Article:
If you like to run or enjoy looking after wayward runners with a cold drink and a kind word as they pass your neighbourhood then get in touch. My route is on the blog, I'd love to see you.


We'll be following Tom's blog and giving you updates along the way. If you're able to support Tom as he takes on this fantastic challenge, please do get in touch with him and let us know as well. 

Thursday, 22 March 2012

Sanitation heroes of the DRC

Community-led sanitation in the Democratic Republic of Congo, or CLTS in DRC for short, is one of the ways in which Tearfund is working with communities in this war-torn African country.

We heard from Monica Verhaege, Tearfund’s Public Health Advisor in the DRC, about the impact this is having on people's lives.

What’s the DRC like?
The DRC is only one country away from being the worst place on earth in terms of life expectancy, literacy, education and standards of living. The many-sided war that officially ceased in 2002 claimed over 4 million lives. Sadly, conflict between various armed groups and atrocities against civilians, especially women, continue.

People living in the regions most affected by these armed groups, for example in the Eastern regions of North and South Kivu, live with instability and uncertainty. Yet they are trying to rebuild their lives after the war and develop healthy communities.

Today, few people in DRC have access to basic services, including clean water and sanitation, which poses serious health risks. This is a country where most people don’t live to see their 50th birthday, and diarrhoea is the second biggest killer.

In 2010 Tearfund’s Disaster Management Team in the DRC launched its pilot CLTS scheme.

What exactly is CLTS?
Community-led total sanitation, or CLTS, is an approach to sanitation that involves the local community and enables them to address sanitation issues themselves. Local materials are used by local people to build their own latrines.

We might think that ‘real aid’ should be paying for and building latrines for communities. Although this might be well-meaning, communities benefit immeasurably more from approaches that empower and involve them than from handouts.

Tshoko, a village of 188 households in North Kivu, is a good example of the two different approaches.

Tshoko is in a chronically insecure area where there is constant rebel movement. A fear of having to flee into the bush combined with the fact that most villagers do not own the land they live on means that people are unwilling to invest in expensive infrastructure, like toilets.

An unused and overgrown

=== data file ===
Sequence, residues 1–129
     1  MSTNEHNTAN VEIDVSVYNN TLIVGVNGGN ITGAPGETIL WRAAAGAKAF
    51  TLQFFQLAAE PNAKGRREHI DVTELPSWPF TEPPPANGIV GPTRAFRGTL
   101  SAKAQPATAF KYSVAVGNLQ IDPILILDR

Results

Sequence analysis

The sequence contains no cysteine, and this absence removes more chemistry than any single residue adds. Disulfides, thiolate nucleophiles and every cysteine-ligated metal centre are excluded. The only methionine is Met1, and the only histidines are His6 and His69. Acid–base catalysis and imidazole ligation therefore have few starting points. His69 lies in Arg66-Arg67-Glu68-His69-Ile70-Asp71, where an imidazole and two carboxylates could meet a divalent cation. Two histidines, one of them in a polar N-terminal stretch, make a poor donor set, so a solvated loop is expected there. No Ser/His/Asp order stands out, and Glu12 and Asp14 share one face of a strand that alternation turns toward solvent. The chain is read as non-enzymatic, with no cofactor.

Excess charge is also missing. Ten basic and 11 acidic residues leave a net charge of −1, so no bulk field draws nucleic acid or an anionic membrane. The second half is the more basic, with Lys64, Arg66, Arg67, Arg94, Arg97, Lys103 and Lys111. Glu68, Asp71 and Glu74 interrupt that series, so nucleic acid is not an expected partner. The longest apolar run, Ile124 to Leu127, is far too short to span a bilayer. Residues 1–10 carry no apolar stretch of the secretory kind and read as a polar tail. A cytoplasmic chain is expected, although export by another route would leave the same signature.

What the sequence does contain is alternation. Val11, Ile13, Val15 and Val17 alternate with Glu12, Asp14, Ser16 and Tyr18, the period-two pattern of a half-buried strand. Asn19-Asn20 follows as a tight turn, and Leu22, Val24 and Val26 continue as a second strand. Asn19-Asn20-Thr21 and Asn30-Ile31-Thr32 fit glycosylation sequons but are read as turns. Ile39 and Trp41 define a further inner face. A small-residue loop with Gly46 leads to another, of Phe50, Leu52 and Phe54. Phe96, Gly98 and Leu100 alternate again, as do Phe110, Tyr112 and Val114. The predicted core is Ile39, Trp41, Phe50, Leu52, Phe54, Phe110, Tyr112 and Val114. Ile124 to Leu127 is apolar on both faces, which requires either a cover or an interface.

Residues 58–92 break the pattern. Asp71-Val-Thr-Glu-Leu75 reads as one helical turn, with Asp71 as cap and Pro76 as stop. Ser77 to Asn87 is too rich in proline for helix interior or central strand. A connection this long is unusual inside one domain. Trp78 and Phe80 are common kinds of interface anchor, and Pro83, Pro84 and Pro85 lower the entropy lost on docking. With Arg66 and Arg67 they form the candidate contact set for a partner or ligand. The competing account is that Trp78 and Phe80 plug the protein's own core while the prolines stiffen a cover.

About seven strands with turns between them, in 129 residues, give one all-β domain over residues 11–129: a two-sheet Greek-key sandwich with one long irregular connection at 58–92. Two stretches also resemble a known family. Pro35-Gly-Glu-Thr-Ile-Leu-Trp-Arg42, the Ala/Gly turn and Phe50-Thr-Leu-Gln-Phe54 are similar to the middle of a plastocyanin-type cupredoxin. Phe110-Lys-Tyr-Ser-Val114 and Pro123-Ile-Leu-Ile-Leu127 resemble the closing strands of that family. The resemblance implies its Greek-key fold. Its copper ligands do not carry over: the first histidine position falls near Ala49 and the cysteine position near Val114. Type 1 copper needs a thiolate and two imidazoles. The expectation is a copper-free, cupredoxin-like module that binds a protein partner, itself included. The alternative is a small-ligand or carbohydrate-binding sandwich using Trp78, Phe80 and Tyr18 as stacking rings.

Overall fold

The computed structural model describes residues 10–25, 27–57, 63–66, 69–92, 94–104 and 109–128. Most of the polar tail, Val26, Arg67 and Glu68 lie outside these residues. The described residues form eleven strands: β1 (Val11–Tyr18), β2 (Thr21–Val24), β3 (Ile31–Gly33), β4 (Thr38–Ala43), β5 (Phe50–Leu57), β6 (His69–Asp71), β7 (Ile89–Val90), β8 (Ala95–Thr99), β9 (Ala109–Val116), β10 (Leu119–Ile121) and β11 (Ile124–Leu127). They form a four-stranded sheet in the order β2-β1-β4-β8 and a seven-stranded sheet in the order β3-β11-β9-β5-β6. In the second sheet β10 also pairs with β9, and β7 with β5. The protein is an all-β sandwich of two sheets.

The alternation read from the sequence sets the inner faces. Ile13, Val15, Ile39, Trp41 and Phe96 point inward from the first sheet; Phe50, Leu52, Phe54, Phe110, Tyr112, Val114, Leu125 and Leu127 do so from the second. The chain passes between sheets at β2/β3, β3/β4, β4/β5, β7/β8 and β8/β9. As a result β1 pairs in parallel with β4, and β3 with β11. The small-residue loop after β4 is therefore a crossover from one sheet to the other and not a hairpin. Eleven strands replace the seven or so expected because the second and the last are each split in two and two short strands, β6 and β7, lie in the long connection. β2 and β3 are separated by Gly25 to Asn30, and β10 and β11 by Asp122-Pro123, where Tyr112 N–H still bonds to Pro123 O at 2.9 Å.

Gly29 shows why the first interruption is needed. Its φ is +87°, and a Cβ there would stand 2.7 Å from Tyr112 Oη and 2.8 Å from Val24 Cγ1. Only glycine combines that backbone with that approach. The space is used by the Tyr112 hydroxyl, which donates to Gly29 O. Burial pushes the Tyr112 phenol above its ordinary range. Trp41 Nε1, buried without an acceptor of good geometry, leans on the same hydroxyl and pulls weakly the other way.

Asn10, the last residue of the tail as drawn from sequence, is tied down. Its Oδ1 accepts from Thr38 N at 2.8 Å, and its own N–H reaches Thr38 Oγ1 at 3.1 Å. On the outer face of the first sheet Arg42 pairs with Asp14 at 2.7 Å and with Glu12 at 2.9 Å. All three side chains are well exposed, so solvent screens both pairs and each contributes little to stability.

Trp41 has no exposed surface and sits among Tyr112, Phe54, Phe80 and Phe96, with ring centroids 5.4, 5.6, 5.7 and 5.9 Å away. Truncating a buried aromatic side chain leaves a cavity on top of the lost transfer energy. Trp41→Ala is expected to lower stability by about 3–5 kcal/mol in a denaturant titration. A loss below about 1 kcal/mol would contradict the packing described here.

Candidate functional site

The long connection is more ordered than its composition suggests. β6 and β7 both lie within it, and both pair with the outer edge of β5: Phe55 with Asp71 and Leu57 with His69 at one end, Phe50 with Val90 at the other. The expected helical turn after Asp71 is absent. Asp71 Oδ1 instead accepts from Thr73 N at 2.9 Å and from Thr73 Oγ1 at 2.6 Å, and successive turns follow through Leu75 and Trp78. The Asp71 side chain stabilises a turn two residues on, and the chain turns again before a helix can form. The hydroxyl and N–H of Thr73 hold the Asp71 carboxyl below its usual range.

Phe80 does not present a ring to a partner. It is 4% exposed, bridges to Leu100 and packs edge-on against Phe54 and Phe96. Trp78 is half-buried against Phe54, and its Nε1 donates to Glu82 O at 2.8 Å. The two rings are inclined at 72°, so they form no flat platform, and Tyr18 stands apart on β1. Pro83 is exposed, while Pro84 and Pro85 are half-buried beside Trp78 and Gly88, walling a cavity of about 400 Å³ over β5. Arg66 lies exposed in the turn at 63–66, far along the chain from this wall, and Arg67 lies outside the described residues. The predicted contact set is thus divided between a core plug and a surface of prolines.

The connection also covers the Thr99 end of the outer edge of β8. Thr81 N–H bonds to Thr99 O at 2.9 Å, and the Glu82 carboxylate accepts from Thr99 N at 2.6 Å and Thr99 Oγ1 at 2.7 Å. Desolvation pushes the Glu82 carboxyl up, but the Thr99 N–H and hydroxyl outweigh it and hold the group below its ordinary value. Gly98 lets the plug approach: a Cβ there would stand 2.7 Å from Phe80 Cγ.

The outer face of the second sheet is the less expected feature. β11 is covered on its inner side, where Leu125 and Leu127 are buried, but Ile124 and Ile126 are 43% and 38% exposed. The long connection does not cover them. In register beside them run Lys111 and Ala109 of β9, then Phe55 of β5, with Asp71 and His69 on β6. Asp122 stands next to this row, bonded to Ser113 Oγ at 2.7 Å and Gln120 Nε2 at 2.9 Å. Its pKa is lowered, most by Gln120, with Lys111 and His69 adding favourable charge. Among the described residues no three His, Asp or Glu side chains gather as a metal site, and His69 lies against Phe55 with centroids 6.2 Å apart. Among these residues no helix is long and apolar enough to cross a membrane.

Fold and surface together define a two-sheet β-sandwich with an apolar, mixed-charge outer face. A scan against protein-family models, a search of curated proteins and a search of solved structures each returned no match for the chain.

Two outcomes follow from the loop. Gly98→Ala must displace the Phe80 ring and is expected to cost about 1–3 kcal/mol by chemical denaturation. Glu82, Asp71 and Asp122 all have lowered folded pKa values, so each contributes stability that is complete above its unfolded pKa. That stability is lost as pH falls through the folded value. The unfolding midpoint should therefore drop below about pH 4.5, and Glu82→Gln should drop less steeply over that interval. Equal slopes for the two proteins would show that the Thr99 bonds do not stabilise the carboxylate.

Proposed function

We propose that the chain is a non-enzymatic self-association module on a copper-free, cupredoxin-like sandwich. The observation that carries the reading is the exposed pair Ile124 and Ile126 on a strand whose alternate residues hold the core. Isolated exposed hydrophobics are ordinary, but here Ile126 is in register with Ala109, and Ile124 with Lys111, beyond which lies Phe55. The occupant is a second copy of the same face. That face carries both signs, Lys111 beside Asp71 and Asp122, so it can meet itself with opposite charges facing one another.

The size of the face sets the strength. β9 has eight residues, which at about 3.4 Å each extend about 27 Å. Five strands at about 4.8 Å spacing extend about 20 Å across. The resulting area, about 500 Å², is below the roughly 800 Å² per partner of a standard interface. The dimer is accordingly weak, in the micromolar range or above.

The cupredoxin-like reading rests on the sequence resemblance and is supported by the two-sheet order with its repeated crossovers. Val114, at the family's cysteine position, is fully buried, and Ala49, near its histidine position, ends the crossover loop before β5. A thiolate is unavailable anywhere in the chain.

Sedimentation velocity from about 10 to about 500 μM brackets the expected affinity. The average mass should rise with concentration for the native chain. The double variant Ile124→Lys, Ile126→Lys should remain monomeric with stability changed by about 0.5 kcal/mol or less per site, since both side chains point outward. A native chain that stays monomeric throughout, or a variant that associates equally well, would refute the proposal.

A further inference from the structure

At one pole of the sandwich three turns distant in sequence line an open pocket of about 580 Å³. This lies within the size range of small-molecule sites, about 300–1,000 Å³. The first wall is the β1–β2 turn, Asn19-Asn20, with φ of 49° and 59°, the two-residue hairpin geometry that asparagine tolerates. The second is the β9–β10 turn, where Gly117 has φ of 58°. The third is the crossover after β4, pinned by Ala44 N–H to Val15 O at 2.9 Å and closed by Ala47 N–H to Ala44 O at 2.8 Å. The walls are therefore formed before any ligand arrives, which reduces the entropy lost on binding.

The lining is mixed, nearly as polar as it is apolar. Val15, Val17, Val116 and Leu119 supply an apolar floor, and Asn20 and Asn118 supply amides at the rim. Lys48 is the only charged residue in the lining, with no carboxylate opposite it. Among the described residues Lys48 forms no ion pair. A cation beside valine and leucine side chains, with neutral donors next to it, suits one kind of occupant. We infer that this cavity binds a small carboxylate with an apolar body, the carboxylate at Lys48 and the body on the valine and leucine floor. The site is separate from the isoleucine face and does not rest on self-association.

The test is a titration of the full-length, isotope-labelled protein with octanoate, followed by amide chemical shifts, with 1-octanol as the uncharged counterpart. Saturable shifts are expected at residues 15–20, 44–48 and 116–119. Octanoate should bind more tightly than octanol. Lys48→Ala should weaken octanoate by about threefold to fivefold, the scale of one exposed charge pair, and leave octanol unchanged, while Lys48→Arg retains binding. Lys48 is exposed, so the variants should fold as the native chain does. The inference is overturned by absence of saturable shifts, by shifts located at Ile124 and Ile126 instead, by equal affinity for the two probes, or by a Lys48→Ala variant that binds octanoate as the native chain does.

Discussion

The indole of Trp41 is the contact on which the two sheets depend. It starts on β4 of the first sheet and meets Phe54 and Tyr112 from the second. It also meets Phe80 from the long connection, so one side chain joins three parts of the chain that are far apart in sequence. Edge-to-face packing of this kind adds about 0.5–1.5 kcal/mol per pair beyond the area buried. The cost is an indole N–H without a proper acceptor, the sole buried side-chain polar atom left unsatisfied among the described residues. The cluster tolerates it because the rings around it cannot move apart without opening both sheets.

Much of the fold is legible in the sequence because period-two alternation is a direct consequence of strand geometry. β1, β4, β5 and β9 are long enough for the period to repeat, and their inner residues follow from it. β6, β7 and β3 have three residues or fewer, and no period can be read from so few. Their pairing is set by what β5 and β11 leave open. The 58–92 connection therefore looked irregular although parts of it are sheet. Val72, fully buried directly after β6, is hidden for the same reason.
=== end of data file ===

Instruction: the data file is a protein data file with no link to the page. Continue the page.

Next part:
donated latrine slab
As a consequence the nearby fields were the village’s toilets and open defecation was the norm. Latrine slabs had been donated by NGOs in the past to help these villagers. However, with no accompanying health promotion or education, these slabs were left unused and half-buried by weeds.

After Tearfund’s CLTS training, it was as if the entire community experienced a hygiene epiphany. Community members realised they could not lead healthy lives without building latrines.

The community became excited about using the old, unused slabs to build their new latrines. People even walked long distances to areas that weren’t controlled by militias to find materials. They want their village to be a healthy place for their children to live in.  

After CLTS training this family in Tshoko reused an old slab to build their family latrine. 
Monica says: “I have observed a huge hygiene and sanitation awakening that is community driven and spreading like a wildfire across the region. I am inspired by communities that have been devastated by the conflict, but then are motivated to build their own latrines. The communities themselves are the true sanitation heroes in DRC.”

Thursday, 1 March 2012

Raising a penny to help others spend one

Fundraising can be a great way to raise awareness about the 2.6 billion people in the world who don’t have loo and to encourage more people to get involved.

If you’d like to hold a fundraising event to twin some toilets, get others twinning or simply give towards improved sanitation, here are some resources and ideas to help you.

Promotional resources
We would love to send you some free Toilet Twinning leaflets to hand out at your event. These come in packs of 25, please contact us through the website if you’d like some.

You can download A3 and A4 posters from our resources page to use at any event.

We have some fetching Flush Away Poverty T-shirts available in small, medium, large and extra-large. If you’d like one of these for your event, please contact us via the website or call on 0845 355 8355.